Why It Helps to Have a Positive Attitude Towards Stress at Work

Positive Attitude Towards Stress

Conventional wisdom — and plenty of research — asserts that stress is terrible for your health. It makes you susceptible to colds and other illnesses and can cause high blood pressure, heart disease, cancer, diabetes, and all manner of other problems.

But an emerging body of research shows that the harmful part of stress often stems from believing that stress is terrible for you. One study from the University of Wisconsin–Madison, published in the journal Health Psychology, found that 182,000 people may have died prematurely because they believed their stress was bad for their health. The perception of stress was significant — not just the stress itself.

Health psychologist Kelly McGonigal, Ph.D., a lecturer at Stanford University, had her mind blown by such research, and it completely shifted her approach to helping people get and stay healthy. Now instead of guiding people to eliminate stress from their lives, she advises them to embrace stress and use it to their advantage.

She recently published The Upside of Stress: Why Stress Is Good for You, and How to Get Good at It and appeared on a Minnesota Public Radio show to talk about her book. Here are four mindset shifts you can try for for getting good at navigating stress.

Stress is really not the enemy

McGonigal is taken with a recent body of research suggesting that stress actually helps people cope with challenges in their lives—no matter the source of the stress. When people view stress as toxic instead of beneficial, it can cause more physical, emotional, or psychological harm than that stress itself:

“What begets more harm is trying to avoid or suppress stress. You’re feeling overwhelmed or anxious, and your first thought is, ‘I need a drink’ or ‘I can’t handle this.’ Instead, we can view stress as a signal from the body and brain that we are actually rising to the challenge.”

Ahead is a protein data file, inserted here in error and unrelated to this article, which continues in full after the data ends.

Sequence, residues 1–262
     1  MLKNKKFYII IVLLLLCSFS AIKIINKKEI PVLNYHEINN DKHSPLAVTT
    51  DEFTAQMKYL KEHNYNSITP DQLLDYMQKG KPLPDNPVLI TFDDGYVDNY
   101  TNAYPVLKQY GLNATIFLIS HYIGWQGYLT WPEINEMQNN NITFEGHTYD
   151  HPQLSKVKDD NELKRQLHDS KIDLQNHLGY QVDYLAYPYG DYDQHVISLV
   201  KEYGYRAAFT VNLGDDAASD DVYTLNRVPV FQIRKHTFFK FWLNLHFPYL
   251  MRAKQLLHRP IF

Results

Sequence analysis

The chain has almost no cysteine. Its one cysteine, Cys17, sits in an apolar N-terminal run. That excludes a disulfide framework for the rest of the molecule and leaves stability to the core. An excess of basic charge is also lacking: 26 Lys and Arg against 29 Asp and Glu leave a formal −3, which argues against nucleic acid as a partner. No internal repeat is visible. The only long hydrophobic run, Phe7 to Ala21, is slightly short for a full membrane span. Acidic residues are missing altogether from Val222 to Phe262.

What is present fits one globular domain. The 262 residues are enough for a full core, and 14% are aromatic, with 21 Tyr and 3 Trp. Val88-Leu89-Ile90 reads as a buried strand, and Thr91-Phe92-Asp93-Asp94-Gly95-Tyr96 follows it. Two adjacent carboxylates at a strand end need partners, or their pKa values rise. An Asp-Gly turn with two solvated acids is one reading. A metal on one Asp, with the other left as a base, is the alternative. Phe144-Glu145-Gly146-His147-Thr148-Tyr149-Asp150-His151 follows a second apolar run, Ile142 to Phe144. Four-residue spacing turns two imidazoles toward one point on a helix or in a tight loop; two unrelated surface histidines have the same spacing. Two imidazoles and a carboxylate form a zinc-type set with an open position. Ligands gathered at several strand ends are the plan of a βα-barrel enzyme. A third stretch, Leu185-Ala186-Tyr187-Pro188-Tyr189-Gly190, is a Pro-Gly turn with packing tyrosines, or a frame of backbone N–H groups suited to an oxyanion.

McGonigal believes that if people stopped viewing stress as damaging and accepted it, they could harness that stress.

In turn, they would use it as a catalyst for reaching out to others or taking action to make positive changes in their lives.

Making meaning and getting stronger

When talking with people about stress, in the past McGonigal had often imparted the message that stress was dangerous. She would have them go through a checklist of stressful life events, such as job loss or divorce, tally up the score, and declare that a high score put them at risk for getting sick or dying. Standard psychology.

But she noticed something interesting — when she would give this lecture, people seemed demoralized and depressed:

“When talking with people about the choices they had — that they could trust their natural instincts to rise to the challenge, and that there are ways of relating to stress that we are built for, that we have built into our biology the capacity to connect with others when we’re stressed, to make meaning out of it and to get stronger as result of going through adversity — I saw on people’s faces that this new mindset was giving them the ability to engage with their lives in a much more courageous and hopeful way.”

She acknowledges research showing that stress may lead to cardiac or other health problems. But by emphasizing the upside of stress and that people are fully capable of rising to the occasion, they will feel empowered, more resilient, and better able to take on their challenges, McGonigal notes.

Don’t let stress be a self-fulfilling prophecy

Stress is a response that your body produces, reflecting what you are thinking and how you are feeling in that moment. That can mean a pounding heart or releasing stress hormones:

“Stress is by definition rooted in your appraisals of how you think about your own ability to handle a situation, the support you think is available to you, and how you are thinking about what you are facing. That is the root of stress. The only way to change what’s happening in your body is to change the way you’re thinking.”

By shifting your thinking, you actually can change your biological response to stress, which in turns builds more inner strength.

Instead of framing stress as a fight or flight situation — often producing anxiety and feeling out of control — try to view it as producing a challenge response. This actually can give people more energy and the ability to take charge of situations.

Be open to the health benefits of stress

Enduring and conquering stress actually can have positive health effects. McGonigal cites evidence that people who experience some adversity in their lives tend to be happier and healthier than those who experience little:

“There is ample evidence that those who had more stress in the workplace and more pressure and demands over their career show brain resilience as they age and are less likely to experience dementia and other deterioration. Built into stress is the ability to strengthen our brain and make it more resilient.”

Reduced likelihood of dementia tomorrow helps to put the stress of today into perspective.

A positive attitude towards stress can make a real difference

Ultimately, it’s about shifting your outlook on stress — and separating a devastating experience from the pressure of being tested. Consider how you can step back and look differently at some of the stress you encounter in your workplace: you might not be able to stop it from happening, but you may be able to change the way that you perceive it.